Tuesday, July 21, 2009

What Happened to 55?

Buried in the "Science" section of today's Times is a squib reporting a new study in the current American Journal of Public Health. The study looked at highway deaths since the repeal of the national 55mph speed limit and concluded that the "failed policy of increased speed limits" accounted for an estimated 12,500 unnecessary deaths over a ten-year period. This despite all the safetly improvements that have been made in cars which should have brought the death rate down. (No word, at least in this summary, on how many non-fatal injuries could be attributed to increased speed).

When Congress imposed 55mph on the nation in 1974, car crashes weren't its primary concern. Rather, Congress wanted us all to drive more slowly as a way of burning gasoline more efficiently. During that first energy crisis, with an OPEC oil embargo, rising gas prices etc, this seemed like an easy and sensible way to help ease our dependence on imported oil.

Repealing that speed limit, which began in 1987 and was complete by 1995, was a pure piece of Reaganite political symbolism. After all, Americans have a constitutional right to drive at 65 don't we? and a 55mph speed limit was an onerous regulation imposed by pointed-headed Democrats who wanted to deprive us of our freedom. I think the speed limit in the Soviet Union was 55mph wasn't it?

So, one new energy crisis and 12,500 additional deaths later, why aren't we talking about bringing back the 55mph speed limit? Even President Obama, who has more or less mandated that the American auto industry produce more fuel-efficient cars in the future, hasn't suggested we drive at 55mph to get better mileage in the cars we are already driving.

The reason, I think, is that higher speed limits not only burned more gas and killed more drivers, but it profoundly re-shaped the American landscape. During the decade or between the elimination of 55 and the collapse of the real estate market, exurban sprawl was a major driver of the American economy. Chester county, Pennsylvania, Delaware county, Ohio, Lake county Illinois, all on the far edges of metropolitan areas, grew at astonishing rates during those boom years, as did dozens of other exurban places.

To live out on the exurban frontier doesn't simply require a car - though it obviously does. The distances between home, work, school, shopping, city culture have become so attenuated that life requires a car driven at high speeds. In this sense, 65mph help make exurbia possible.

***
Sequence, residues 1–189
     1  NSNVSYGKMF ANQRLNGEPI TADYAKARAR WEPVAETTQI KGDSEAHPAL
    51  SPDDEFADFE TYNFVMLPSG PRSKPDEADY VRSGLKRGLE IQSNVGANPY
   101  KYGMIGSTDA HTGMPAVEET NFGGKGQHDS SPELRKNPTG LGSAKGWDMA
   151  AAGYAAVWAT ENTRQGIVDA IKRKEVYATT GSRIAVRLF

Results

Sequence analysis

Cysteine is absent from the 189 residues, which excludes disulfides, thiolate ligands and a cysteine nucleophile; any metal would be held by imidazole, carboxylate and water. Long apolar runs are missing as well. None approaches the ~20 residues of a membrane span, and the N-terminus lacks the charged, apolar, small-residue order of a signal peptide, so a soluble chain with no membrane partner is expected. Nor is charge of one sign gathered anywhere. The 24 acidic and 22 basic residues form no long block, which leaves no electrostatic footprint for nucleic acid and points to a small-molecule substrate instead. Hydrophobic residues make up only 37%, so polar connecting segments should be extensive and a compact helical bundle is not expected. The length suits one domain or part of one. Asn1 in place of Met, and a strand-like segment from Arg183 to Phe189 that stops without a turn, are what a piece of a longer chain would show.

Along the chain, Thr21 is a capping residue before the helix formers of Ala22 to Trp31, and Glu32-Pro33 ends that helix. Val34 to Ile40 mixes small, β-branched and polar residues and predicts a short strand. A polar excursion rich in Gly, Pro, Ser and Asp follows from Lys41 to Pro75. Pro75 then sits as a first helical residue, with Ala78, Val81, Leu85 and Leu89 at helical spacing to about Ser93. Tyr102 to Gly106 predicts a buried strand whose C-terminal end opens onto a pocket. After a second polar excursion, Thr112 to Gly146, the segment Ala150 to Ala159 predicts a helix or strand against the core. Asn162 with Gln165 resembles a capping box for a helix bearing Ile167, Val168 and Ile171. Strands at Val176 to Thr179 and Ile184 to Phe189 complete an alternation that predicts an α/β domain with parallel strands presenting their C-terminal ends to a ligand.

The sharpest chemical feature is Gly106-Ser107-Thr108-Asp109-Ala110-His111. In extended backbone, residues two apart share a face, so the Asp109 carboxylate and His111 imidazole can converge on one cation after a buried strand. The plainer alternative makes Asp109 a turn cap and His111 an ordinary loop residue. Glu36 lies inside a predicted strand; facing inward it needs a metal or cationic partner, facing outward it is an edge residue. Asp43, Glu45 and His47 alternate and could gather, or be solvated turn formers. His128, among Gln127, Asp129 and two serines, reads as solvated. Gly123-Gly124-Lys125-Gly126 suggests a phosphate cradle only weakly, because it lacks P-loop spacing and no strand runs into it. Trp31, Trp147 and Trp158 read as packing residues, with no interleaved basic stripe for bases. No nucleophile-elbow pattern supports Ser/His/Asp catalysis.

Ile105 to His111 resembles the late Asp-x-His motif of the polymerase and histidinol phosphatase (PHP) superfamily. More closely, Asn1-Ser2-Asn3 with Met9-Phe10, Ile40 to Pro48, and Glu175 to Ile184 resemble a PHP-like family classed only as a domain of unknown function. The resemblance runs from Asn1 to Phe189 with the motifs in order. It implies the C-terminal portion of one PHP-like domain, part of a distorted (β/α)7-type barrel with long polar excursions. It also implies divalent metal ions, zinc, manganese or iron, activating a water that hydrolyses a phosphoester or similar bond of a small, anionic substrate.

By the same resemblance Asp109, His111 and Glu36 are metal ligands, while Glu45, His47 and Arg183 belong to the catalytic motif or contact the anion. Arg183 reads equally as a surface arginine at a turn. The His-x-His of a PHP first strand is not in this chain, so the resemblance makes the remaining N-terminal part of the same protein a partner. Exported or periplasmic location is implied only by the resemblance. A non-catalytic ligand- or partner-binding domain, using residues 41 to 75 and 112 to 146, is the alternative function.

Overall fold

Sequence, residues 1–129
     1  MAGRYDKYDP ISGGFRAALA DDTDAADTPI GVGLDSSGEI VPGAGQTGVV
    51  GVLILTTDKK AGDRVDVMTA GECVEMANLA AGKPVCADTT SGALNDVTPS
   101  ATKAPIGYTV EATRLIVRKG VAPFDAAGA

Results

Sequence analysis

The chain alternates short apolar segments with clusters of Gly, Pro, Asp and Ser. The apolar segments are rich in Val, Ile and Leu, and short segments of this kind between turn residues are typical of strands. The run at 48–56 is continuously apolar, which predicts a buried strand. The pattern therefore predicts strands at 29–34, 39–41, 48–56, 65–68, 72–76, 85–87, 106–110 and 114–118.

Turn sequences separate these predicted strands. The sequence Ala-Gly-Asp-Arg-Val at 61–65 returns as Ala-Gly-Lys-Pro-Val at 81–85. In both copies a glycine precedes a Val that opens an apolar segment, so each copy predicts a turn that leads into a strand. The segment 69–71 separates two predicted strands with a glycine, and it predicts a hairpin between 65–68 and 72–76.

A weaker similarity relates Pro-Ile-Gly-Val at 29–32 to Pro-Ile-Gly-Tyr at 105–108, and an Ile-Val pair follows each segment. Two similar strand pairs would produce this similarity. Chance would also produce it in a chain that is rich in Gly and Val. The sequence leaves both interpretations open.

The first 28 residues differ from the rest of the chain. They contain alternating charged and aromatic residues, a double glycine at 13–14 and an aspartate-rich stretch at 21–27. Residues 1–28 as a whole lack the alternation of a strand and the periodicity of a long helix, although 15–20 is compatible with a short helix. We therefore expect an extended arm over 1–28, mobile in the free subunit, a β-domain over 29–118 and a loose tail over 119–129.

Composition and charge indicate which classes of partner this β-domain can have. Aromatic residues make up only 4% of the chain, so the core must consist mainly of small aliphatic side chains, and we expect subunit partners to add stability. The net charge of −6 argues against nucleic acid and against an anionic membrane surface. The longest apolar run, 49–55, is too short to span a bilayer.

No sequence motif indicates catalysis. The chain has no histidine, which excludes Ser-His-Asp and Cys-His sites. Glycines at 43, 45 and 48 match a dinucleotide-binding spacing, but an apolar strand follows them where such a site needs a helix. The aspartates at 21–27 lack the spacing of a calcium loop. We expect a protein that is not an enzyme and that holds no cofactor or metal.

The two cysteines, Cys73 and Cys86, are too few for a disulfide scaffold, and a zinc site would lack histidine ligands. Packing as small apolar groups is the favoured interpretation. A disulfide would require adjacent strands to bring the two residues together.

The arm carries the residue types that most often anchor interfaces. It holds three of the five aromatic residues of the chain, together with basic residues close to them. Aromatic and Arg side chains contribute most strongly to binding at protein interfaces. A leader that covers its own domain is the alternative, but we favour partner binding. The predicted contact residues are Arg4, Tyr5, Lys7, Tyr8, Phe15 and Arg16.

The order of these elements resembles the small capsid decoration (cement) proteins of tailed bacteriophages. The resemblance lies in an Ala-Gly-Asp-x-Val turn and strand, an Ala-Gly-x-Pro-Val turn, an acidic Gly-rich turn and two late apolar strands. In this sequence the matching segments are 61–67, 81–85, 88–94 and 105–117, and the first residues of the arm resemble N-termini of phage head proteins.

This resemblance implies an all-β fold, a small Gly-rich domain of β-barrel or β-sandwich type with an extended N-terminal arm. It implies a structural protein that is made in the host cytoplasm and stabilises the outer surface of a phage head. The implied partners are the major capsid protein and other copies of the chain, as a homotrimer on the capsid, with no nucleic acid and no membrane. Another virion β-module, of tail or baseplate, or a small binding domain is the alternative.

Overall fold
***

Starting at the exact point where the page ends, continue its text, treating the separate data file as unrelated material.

Conversely, lowering the speed limit back to 55 would increase the time exurbanites spend in their cars by over 15% (roughly), a significant amount given how much time they already spend there. Many Americans, therefore, simply cannot fathom driving any slower, regardless of how much money they might save at the pump, or how many lives they might save.

And herein lies the double-edged nature of more fuel efficient cars: on the one hand, there is no question that we ought to have cars that get better mileage. On the other, this will simply encourage people to drive more, and will provide an impetus to sprawl, which is also environmentally destructive. The answer to this dilemma, obviously, is fuel efficient cars driven through more densely-built towns and cities, and, needless to say, that is far easier said than done. The question, therefore, is whether the rising costs of exurban life in the coming years pressure people back toward the center, toward shorter drives, better access to mass transit, and even to places where walking and biking is possible.

There are plenty of ways policy might encourage that, but speed limits are certainly one place to start.


Mark Arsenal said...

An interesting perspective. Whilst I applaud any serious policy suggestion that could improve our nation's urban density and push out the day of petrol-reckoning, as this post from another blogger discussed today, not everyone in the suburbs is an evil anti-urbanist who thinks they deserve a McMansion. The housing bubble did odd things to the concept of affordability and choice, especially in the bubbliest of the places:


My own reflection on this earlier today:


Dave Reid said...

Funny, it had never occurred to me that the speed limit change was connected to sprawl. Great insight.

EdHeath said...